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Arc Ensemble at Contemporary Arts Center

Mary Ellyn Hutton
Posted: Nov 22, 2003 - 11:18:26 AM in reviews_2003

(first published in The Cincinnati Post Nov. 21, 2003)

Cincinnati’s three-year-old Arc Chamber Ensemble, led by founder/director Demetrius Fuller, pursues its mission of showcasing 20th-century music as ensemble-in-residence at the new Lois and Richard Rosenthal Center for Contemporary Art.

As the new Lois and Richard Rosenthal Center for Contemporary Art spectacularly demonstrates, contemporary visual art caught up with popular taste long ago.

The same has not been true of contemporary music.

Committed to changing that is Cincinnati’s three-year-old Arc Chamber Ensemble.

Ensemble-in-residence at the Rosenthal Center, Arc and its founder/director Demetrius Fuller performed their second concert of the season Thursday night in the CAC’s lower level "black box" theater.

The 2,366-square-foot facility, which will play host to theater, film and dance as well as music, welcomed Schoenberg, Kurt Weill and American composer Dorothy Hindman as advocated by Fuller and his 15-member group.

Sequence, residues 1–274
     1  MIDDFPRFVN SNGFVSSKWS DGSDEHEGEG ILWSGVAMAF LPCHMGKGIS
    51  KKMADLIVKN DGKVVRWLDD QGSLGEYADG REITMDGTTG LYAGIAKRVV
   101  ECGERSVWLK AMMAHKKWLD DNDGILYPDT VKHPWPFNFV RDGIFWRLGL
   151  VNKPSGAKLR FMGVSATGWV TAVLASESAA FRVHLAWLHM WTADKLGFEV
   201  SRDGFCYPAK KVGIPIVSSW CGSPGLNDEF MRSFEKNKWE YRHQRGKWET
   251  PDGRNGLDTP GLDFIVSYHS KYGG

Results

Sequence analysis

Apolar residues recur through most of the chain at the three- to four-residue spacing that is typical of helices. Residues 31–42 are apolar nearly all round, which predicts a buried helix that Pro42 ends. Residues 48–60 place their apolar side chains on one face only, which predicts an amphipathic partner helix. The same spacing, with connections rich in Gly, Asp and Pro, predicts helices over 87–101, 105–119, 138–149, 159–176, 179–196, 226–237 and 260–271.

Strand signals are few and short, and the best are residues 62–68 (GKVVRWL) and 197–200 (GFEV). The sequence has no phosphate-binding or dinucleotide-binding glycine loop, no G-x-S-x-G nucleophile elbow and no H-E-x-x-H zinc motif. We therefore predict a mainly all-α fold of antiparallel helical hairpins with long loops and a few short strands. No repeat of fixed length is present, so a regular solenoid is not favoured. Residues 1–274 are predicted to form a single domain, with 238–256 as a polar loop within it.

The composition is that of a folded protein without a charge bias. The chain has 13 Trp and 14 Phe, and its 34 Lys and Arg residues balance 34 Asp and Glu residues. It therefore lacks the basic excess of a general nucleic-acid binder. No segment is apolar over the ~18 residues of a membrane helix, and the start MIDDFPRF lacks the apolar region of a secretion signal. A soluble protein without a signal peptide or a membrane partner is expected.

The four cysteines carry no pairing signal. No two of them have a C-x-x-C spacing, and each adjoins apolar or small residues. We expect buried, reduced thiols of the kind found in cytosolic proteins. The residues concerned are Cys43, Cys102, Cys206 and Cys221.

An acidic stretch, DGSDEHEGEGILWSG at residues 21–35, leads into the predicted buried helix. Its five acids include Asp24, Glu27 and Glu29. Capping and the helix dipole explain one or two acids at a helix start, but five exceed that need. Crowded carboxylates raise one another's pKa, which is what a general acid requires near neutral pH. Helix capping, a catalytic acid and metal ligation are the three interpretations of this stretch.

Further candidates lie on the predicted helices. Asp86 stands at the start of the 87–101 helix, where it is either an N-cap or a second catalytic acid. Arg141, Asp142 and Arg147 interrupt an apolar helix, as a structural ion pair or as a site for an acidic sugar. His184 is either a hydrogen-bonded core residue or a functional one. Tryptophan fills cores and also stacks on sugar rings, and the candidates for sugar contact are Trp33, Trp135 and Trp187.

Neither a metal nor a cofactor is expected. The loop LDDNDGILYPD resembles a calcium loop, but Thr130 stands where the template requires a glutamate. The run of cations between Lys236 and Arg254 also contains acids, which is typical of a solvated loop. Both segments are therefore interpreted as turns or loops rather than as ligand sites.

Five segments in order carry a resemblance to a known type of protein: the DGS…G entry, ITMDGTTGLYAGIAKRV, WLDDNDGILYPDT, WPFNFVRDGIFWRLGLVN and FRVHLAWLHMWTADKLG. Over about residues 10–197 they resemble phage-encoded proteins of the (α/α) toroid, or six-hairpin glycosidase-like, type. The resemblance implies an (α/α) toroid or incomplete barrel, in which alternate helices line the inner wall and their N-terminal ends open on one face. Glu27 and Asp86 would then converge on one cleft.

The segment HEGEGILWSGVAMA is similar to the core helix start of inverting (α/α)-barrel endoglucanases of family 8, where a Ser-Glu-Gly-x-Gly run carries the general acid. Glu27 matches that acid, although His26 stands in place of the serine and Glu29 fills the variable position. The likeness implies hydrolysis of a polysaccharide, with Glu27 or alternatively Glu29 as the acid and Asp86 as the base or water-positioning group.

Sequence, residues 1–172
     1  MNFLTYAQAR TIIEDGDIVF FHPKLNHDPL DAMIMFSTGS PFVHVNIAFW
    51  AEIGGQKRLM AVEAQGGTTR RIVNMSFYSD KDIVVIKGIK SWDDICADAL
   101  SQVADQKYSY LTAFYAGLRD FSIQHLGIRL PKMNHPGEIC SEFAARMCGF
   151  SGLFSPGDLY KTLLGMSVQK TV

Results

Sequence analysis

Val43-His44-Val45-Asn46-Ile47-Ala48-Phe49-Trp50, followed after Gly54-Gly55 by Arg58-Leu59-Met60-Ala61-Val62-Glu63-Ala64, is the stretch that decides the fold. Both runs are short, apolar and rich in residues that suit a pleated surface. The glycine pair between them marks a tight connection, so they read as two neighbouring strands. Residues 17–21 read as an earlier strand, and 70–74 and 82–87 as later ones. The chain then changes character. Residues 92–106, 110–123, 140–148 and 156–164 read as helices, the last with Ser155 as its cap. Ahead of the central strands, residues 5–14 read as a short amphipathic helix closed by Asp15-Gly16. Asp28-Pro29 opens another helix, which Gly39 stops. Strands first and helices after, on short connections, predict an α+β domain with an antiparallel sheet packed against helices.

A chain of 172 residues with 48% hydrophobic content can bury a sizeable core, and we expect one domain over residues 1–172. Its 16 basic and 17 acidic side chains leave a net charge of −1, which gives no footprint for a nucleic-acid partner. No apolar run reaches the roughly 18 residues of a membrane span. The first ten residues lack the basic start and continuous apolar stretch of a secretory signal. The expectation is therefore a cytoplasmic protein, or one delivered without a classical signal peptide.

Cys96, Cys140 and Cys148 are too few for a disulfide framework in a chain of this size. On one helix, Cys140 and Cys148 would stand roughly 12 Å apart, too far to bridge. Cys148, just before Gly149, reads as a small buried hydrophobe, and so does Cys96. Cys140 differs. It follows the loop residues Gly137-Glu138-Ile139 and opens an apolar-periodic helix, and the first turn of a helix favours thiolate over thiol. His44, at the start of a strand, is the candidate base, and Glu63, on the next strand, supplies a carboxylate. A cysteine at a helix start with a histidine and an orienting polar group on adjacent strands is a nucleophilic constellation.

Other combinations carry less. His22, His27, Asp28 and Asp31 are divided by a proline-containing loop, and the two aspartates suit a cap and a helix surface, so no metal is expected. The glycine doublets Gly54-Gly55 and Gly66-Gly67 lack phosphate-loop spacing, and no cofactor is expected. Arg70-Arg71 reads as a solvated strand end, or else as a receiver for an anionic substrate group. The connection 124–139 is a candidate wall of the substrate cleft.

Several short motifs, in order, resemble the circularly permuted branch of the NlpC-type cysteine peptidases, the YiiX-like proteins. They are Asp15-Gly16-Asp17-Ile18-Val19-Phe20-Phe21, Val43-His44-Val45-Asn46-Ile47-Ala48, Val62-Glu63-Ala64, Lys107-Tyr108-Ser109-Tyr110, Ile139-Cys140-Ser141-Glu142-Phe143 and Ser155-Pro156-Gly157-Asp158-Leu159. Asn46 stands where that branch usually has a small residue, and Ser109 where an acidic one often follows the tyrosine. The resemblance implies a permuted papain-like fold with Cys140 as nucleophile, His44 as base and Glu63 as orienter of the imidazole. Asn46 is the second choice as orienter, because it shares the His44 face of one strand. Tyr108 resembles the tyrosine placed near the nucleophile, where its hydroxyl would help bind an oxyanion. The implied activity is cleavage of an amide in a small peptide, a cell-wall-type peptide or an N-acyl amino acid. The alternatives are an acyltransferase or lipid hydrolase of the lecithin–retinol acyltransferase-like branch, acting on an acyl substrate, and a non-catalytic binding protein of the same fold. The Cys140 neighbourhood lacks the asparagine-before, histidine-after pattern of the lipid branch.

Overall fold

Guest artist was German violinist Tanja Becker-Bender in Weill’s Concerto for Violin and Wind Orchestra.

The 1924 work is representative of the pre-Broadway Weill ("Lady in the Dark," "Street Scene"), though hints of his later, more theatrical idiom emerge. Echoes of Stravinsky are not hard to find either ("L’Histoire du Soldat") as in the occasional, march-like irony of the first movement.

Becker-Bender played it with considerable flair, slip-sliding into quasi-cabaret mode in its melodic moments, while projecting the visceral excitement of its more agitated ones. The Arc players filled it with color, including a wry, witty xylophone solo in the second movement.

Hindman’s 1993 "Chemistry" was a regional premiere. Underpinned by piano and vibraphone, it is tightly woven with a gentle flow of motives and ideas, rather like molecules in solution. Fuller gave it graceful pacing, allowing its contrasting colors – strings, winds, brass and percussion - to emerge clearly.

Schoenberg’s 1906 Chamber Symphony for 15 solo instruments is pivotal for its departure from overblown late romantic style. Challenging to perform, the Arc players read it with considerable proficiency, lacking only a final sense of cohesion. Fuller kept the intensity going, however, and brought it to an exciting, emphatic conclusion.